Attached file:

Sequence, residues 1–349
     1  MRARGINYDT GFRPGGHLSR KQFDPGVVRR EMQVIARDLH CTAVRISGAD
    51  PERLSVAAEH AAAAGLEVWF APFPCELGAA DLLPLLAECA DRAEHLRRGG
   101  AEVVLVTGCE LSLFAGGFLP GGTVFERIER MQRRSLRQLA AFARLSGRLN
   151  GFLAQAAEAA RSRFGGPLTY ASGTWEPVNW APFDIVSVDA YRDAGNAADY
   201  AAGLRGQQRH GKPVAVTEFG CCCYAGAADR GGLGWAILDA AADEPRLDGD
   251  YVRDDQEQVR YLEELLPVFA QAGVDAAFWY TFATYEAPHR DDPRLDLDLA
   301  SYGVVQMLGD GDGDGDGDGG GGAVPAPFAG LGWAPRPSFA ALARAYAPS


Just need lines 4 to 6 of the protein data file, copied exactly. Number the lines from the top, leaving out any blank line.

   101  AEVVLVTGCE LSLFAGGFLP GGTVFERIER MQRRSLRQLA AFARLSGRLN
   151  GFLAQAAEAA RSRFGGPLTY ASGTWEPVNW APFDIVSVDA YRDAGNAADY
   201  AAGLRGQQRH GKPVAVTEFG CCCYAGAADR GGLGWAILDA AADEPRLDGD